The Ferrari F40 was, in the most literal sense, designed as the successor to the company's GTO supercar, but the project's meaning ran deeper. At ninety years old, Enzo Ferrari was keenly aware that his life was coming to an end, and was somewhat disappointed that Ferrari's dominance in international motorsport had faded somewhat over the years. As a result, Enzo wanted a new pet project put into the pipelines, something that could remind the world of the company's capabilities as a manufacturer as well as provide both a competitor to the Porsche 959 and come to be his masterpiece; the company's impending 40th anniversary provided just the right occasion for the car to debut. The plan was simple: create a vehicle that combined the company's best technologies into a no-frills sports car that would come as close as possible to being a full fledged race vehicle while still retaining the necessary equipment to be a street-legal product. It was the last car to be commissioned by Enzo himself before his death.
The Ferrari F40 was designed with aerodynamics in mind, and is very much a creation of its time. For speed the car relied more on its shape than its power. Frontal area was reduced, and airflow greatly smoothed, but stability rather than terminal velocity was a primary concern. So too was cooling as the forced induction engine generated a great deal of heat. In consequence, the car was somewhat like an open-wheel racing car with a body. It had a partial undertray to smooth airflow beneath the radiator, front section, and the cabin, and a second one with diffusers behind the motor, but the engine bay was not sealed. Nonetheless, the Ferrari F40 had an impressively low Cd of 0.34 with lift controlled by its spoilers and wing.
Power came from an enlarged, 2.9 L (2936 cc) version of the GTO's twin IHI turbocharged V8 developing 478 PS (352 kW/471 hp) under 110 kPa (16 psi) of boost. The suspension setup, like the GTO's, remained a double wishbone setup, though many parts were upgraded and settings were changed; the unusually low ground clearance prompted Ferrari to include the ability to raise the vehicle's ground clearance when necessary.
The body was an entirely new design by Pininfarina featuring panels made of kevlar, carbon fiber, and aluminum for strength and low weight, and intense aerodynamic testing was employed. Weight was further minimized through the use of a plastic windshield and windows and no carpets, sound system, or door handles were installed although the cars did have air conditioning. Early cars had fixed windows, although newer windows that could be rolled down were installed into later cars and the Ferrari F40 did without a catalytic converter until 1990 when US regulations made them a requirement for emissions control reasons.
As early as 1984, the Maranello factory had begun development of an evolution model of the 288 GTO intended to compete against the 959 in FIA Group B. However, when the FIA brought an end to the Group B category for the 1986 season, Enzo was left with five 288 GTO Evoluzione development cars, and no series in which to campaign them. Enzo's desire to leave a legacy in his final supercar allowed the Evoluzione program to be further developed to produce a car exclusively for road use.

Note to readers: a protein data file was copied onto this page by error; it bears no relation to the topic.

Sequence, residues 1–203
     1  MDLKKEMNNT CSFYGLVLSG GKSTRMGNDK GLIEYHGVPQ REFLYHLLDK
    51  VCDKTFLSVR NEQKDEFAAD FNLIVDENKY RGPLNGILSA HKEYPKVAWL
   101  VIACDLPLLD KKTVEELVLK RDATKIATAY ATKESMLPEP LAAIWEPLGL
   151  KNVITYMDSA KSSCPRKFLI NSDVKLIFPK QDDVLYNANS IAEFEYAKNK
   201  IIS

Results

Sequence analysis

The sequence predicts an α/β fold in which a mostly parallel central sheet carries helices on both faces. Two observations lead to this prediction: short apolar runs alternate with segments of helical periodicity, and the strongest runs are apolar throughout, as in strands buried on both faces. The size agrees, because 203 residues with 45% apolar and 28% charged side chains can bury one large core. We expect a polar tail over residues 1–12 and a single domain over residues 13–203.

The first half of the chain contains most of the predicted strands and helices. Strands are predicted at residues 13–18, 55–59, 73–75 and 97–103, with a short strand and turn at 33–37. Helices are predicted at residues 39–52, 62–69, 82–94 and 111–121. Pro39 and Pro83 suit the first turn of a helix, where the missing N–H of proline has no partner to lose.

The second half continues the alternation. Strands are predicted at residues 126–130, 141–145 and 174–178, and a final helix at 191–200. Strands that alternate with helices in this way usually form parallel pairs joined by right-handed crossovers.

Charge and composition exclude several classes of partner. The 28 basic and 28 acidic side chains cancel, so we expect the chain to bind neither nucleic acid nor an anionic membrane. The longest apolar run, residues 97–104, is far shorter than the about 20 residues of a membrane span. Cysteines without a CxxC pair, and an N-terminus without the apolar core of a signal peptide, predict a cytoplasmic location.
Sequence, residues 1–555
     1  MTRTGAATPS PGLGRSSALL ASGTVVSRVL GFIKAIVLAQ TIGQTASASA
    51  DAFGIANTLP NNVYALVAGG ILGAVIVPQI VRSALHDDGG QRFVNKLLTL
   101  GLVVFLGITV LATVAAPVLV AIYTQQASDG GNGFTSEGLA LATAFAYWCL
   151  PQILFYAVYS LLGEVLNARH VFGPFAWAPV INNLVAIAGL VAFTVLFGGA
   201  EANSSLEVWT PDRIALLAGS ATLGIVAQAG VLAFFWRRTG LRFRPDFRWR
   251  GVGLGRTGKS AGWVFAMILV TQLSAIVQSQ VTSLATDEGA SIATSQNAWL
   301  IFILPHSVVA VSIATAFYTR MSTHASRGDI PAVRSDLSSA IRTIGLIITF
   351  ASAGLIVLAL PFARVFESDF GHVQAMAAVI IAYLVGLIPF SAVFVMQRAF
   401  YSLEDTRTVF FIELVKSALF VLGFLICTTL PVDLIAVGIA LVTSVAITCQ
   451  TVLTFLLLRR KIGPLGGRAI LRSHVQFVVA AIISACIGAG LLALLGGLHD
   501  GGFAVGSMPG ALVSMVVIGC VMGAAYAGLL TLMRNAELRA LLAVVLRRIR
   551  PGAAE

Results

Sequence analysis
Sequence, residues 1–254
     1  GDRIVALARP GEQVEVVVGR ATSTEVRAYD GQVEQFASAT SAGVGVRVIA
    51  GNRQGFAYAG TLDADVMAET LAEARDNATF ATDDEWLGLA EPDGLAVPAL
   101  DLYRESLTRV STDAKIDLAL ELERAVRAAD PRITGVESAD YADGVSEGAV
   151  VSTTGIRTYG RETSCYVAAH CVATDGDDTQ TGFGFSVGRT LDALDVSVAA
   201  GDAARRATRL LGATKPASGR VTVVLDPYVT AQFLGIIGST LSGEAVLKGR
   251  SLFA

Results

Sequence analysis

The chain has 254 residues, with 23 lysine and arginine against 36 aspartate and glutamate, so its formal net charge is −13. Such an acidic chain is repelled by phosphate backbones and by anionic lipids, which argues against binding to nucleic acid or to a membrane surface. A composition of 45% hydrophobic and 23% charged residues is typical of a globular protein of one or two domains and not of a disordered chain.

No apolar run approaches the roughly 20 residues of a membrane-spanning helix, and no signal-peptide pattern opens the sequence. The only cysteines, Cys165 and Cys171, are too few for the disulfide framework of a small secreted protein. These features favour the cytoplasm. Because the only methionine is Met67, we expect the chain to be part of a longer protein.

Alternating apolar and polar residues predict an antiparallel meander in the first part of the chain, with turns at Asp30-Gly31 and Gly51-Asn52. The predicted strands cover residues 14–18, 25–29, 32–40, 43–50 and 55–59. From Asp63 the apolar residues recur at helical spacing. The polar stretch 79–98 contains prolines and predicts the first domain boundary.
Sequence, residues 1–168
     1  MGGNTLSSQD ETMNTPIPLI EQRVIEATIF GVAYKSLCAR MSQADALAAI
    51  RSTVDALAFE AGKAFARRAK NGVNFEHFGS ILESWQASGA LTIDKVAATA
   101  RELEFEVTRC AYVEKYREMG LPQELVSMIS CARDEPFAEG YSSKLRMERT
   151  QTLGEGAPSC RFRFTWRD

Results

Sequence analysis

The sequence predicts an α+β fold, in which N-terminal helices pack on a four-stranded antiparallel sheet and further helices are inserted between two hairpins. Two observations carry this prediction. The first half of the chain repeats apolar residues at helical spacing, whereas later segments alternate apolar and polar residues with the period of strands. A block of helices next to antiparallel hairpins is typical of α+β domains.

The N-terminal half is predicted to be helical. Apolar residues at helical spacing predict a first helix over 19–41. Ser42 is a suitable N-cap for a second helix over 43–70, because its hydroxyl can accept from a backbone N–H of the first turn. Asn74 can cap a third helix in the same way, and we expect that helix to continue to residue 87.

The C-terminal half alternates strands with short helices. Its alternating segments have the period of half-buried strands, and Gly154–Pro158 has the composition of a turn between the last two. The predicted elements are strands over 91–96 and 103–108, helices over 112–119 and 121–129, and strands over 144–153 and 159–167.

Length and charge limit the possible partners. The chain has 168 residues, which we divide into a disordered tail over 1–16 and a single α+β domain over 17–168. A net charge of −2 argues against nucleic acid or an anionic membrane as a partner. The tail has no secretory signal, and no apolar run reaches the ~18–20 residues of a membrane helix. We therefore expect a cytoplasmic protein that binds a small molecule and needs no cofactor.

The factory never intended to race the Ferrari F40, but the car saw competition as early as 1989 when it debuted in the Laguna Seca round of the IMSA, appearing in the GTO category, with a LM evolution model driven by Jean Alesi, finishing third to the two faster spaceframed four wheel drive Audi 90 and beating a host of other factory backed spaceframe specials that dominated the races. Despite lack of factory backing, the car would soon have another successful season there under a host of guest drivers such as Jean-Pierre Jabouille, Jacques Laffite and Hurley Haywood taking a total of three second places and one third.
Although the Ferrari F40 would not return to IMSA for the following season, it would later be a popular choice by privateers to compete in numerous domestic GT series including JGTC. In 1994, the car made its debut in international competitions, with one cars campaigned in the BPR Global GT Series by Strandell, winning at the 4 Hours of Vallelunga. In 1995, the number of F40s climbed to four, developed independently by Pilot-Aldix Racing (F40 LM) and Strandell (F40 GTE, racing under the Ferrari Club Italia banner), winning the 4 Hours of Anderstorp. No longer competitive against the McLaren F1 GTR, the Ferrari F40 returned for another year in 1996, managing to repeat the previous year's Anderstorp win, and from then on it was no longer seen in GT racing.
The Ferrari F40 was discontinued in 1992 and in 1995 was succeeded by the Ferrari F50, which until a newer generation of factory backed GT1 cars that came along, remained competitive. Performance
The F40's light weight of 1100 kg (2425 lb) and high power output of 478 PS (352 kW/471 hp) at 7000 rpm gave the vehicle tremendous performance potential. Road tests have produced 0-100 km/h (62 mph) times as low as 3.8 seconds (while the track only version came in at 3.2 seconds), with 0-160 km/h (100 mph) in 7.6 seconds and 0-200 km/h (125 mph) in 11 seconds giving the Ferrari F40 a slight advantage in acceleration over the Porsche 959, its primary competitor at the time. The Ferrari F40 is still heralded today as being one of the most raw and aggressive Supercars.